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A New Approach to Informed Consent
in South Dakota
Ana Brennan, J.D. | 02 September 2021
In Planned Parenthood v. Casey the U.S. Supreme Court upheld the informed consent provision of Pennsylvania’s Abortion Control Act. Most of us are familiar with the importance of informed consent in the context of abortion. Since Casey, many states have modeled their informed consent laws after Pennsylvania. This legal strategy makes perfect sense. It is a good indicator of success if a law is modeled after one that has already been upheld. Informed consent laws help protect women from the unscrupulous abortion industry and save unborn babies; of course, we want informed consent laws, but Casey was almost 30 years ago.
Under typical informed consent laws, the abortionist must provide or direct someone else to provide the pregnant woman with information. For example, per Casey, a pregnant woman must be told about risks and alternatives, the age of her unborn child, informed that the state provides printed material that describes fetal development, information regarding available medical assistance benefits, and so on.
In 2011, South Dakota passed a novel provision in their informed consent law, expanding on the Casey template. In an effort to increase the protection of women and their unborn children, South Dakota requires a pregnant woman to also consult with a state-registered pregnancy help center. The purpose of the consultation is very limited. The primary purpose of this provision is to ensure the pregnant woman is not being coerced into having an abortion. Coercion can come from anyone, including the abortionist and employees at the abortion clinic.
The pertinent parts of the South Dakota Code include:
34-23A-56. Scheduling of abortion--Prior requirements.
…During the initial consultation between the physician and the pregnant mother, prior to scheduling a surgical or medical abortion, the physician shall:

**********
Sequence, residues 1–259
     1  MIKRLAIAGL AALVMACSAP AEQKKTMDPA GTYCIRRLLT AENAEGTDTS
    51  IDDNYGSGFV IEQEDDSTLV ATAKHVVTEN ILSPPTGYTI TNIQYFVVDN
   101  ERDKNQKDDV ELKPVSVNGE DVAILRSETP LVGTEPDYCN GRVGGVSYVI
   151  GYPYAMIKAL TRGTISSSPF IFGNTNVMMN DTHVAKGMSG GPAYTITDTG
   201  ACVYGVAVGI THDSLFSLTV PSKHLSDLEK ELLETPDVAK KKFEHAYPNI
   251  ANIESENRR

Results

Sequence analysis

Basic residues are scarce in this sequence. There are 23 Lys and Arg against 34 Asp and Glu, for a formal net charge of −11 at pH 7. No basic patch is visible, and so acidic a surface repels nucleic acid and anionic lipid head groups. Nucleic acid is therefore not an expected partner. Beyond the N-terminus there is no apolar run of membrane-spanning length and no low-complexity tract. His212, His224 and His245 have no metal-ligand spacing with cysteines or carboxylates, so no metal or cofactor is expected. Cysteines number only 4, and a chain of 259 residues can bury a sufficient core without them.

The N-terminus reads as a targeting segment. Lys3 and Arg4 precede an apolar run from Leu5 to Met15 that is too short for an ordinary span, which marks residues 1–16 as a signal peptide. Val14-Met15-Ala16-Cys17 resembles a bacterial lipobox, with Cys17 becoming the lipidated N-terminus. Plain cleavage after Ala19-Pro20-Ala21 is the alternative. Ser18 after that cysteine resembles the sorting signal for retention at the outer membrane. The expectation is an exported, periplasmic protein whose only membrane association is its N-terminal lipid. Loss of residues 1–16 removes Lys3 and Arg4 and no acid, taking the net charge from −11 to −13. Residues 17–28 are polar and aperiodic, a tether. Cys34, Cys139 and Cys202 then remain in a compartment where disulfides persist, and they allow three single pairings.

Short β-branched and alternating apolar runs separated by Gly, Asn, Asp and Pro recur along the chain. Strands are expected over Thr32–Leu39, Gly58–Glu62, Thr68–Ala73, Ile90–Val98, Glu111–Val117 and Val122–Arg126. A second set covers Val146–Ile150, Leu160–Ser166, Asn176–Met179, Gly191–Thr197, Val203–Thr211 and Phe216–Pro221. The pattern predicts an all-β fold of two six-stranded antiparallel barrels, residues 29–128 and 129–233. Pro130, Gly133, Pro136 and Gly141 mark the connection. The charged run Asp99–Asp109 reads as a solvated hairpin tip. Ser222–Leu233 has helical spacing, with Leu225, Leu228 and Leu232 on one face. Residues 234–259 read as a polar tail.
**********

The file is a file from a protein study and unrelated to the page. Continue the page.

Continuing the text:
(3) Provide the pregnant mother with the names, addresses, and telephone numbers of all pregnancy help centers that are registered with the South Dakota Department of Health pursuant to §§ 34-23A-53 to 34-23A-62, inclusive, and provide her with written instructions that set forth the following:
(a) That prior to the day of any scheduled abortion the pregnant mother must have a consultation at a pregnancy help center at which the pregnancy help center shall inform her about what education, counseling, and other assistance is available to help the pregnant mother keep and care for her child, and have a private interview to discuss her circumstances that may subject her decision to coercion;
I am including a significant portion of the South Dakota law that outlines what a pregnancy help center can and cannot do under this statute. The following provisions address objections raised by abortion advocates that will be discussed below.
34-23A-59. Pregnancy help center consultations.
A pregnancy help center consultation required by §§ 34-23A-53 to 34-23A-59.2, inclusive, shall be implemented as follows:
(1) The pregnancy help center shall be permitted to:
(a) Interview the pregnant mother to determine whether the pregnant mother has been subject to any coercion to have an abortion, or is being pressured into having an abortion;